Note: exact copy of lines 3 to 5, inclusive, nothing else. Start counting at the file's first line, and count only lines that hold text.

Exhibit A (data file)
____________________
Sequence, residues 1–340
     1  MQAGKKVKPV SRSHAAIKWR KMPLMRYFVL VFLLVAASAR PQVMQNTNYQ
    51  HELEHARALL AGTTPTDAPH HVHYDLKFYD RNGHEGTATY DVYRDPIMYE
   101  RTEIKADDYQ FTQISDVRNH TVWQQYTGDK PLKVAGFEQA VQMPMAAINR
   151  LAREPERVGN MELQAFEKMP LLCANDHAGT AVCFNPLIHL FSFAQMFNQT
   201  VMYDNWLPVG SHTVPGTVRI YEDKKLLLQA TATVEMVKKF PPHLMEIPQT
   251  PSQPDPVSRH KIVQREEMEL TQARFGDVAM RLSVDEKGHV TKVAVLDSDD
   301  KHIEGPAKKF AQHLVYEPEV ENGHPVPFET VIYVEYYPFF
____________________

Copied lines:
    51  HELEHARALL AGTTPTDAPH HVHYDLKFYD RNGHEGTATY DVYRDPIMYE
   101  RTEIKADDYQ FTQISDVRNH TVWQQYTGDK PLKVAGFEQA VQMPMAAINR
   151  LAREPERVGN MELQAFEKMP LLCANDHAGT AVCFNPLIHL FSFAQMFNQT